Nag’s penchant for making rumours sound as if he has ‘inside’ information that makes him claim that Yogi Adityanath is the successor for RSS bosses in 2024! He uses leftist news portals, like scroll.in for many of his conjectures which actually punctures his standing as a serious writer.
I trust that he began with honourable intentions. He may have met with some RSS leaders, including very senior netas in the organisation and did some research. However, his book comes out quite shallow. It lacks the depth that a subject like RSS Chief or RSS itself would require, considering that the title of the book “Mohan Bhagwat – Influencer-In-Chief” sounds quite catchy with a ‘buy me, please’ kind of appeal. The very fact that Dr Bhagwat did not grant an interview to Mr Nag could have been an interesting point of analysis of his reclusive personality, as a leader who shuns publicity. But, he seems to have missed this point.
The redeeming feature of his book are last two chapters that touch upon unknown facets of larger social movement that is the outcome of decades of RSS work - 93 years to be precise. A few personal anecdotes about Dr. Mohan Bhagwat are interesting for outsiders and throw light on his personality. They show the humane, light, easy-going nature of Dr Bhagwat. The ‘Epilogue: Phir Ek Baar Modi Sarkar? is a skimming of political scenario and the entire argument that the author builds in the book ends in a whimper here.
RSS is not an easy to understand organisation because it doesn’t fit into a your typical social organisational framework to which social scientists are attuned. Hence, his critique, though well intentioned, comes out poorly. One expected lesser errors in this book on basic facts while Chapter 2: Pushing the BJP to Power, seems like an afterthought on insistence of the editors of the publisher as it sounds very superficial, done with quick few, wayward brush strokes. This could have been as interesting as the chapter 10 and 11.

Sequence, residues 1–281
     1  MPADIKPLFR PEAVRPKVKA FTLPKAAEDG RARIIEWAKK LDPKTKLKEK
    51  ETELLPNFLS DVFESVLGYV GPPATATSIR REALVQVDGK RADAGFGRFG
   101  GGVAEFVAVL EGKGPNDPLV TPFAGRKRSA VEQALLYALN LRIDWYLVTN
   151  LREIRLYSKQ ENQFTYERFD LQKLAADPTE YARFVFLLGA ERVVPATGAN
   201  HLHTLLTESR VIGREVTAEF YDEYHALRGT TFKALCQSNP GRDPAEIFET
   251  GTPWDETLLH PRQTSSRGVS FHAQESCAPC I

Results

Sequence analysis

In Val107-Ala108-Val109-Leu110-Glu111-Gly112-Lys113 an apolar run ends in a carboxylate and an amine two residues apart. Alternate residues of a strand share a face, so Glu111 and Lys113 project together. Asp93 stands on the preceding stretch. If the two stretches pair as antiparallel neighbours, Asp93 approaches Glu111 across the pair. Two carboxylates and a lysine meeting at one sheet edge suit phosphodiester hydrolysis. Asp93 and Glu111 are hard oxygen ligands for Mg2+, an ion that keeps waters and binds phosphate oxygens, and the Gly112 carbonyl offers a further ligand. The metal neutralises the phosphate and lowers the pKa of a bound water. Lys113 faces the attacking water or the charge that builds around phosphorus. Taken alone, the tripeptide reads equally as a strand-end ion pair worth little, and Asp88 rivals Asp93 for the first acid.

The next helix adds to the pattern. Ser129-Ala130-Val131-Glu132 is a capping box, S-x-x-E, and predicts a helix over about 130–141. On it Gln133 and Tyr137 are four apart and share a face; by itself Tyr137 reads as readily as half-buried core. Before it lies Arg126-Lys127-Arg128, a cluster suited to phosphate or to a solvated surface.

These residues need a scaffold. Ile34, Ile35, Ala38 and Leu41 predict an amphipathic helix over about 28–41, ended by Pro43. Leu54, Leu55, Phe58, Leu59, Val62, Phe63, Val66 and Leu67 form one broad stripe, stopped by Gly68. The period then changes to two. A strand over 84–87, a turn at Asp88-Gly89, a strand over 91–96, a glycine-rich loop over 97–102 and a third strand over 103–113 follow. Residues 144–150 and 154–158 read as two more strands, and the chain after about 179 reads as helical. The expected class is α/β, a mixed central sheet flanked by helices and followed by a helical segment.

His narrative on the re-election of Shri Bhaiyyaji Joshi as the Sarkaryavaah for the fourth term using ‘news outlets’ and claiming that “news about his ill-health was ‘planted’ news” (page 59) is rather amusing, to say the least. Everyone who is in the know, knew that Bhaiyyaji Joshi had knee problem and that he was going for knee replacement. This kind of surgery is not really treated as ill health. Rumours were all media-generated, not RSS-generated.
Every RSS Sarsanghchalak has travelled continuously since 1925. In fact, Guruji had once said that train compartment was his home (including second or third class compartments). He had travelled in most challenging times. It is a tradition. So, to claim that Dr. Bhagwat is doing something more or different is an avoidable hype. He claims, “Ever since the BJP came to power in 2014, the sarsanghchalak had been working hard and touring the country to unite the Hindu community. (page 66) No doubt the current Sarsanghchalak is travelling even harder than the previous heads of the organisation. Actually, all the prachaaraks are also travelling very frequently. If one were to count their miles, it could have created a world record for RSS’s office bearers.
In one of the major bloomers, Mr Nag talks of a “programme to inculcate nationalism among Arunachalees, the RSS set up a Sarhad-ko-Salaam group.” (page 89) The fact is ‘Sarhad ko Salaam,’ a nationwide path-breaking programme, was organised by an associate organisation of RSS - Forum for Integrated National Security – FINS in 2012 for the youth. Being a patriotic venture, RSS gave its full support. This programme was across length and breadth of India where youth upto age of 25 were chosen to visit borders from North to South, from West to East and to meet the locals and security forces there.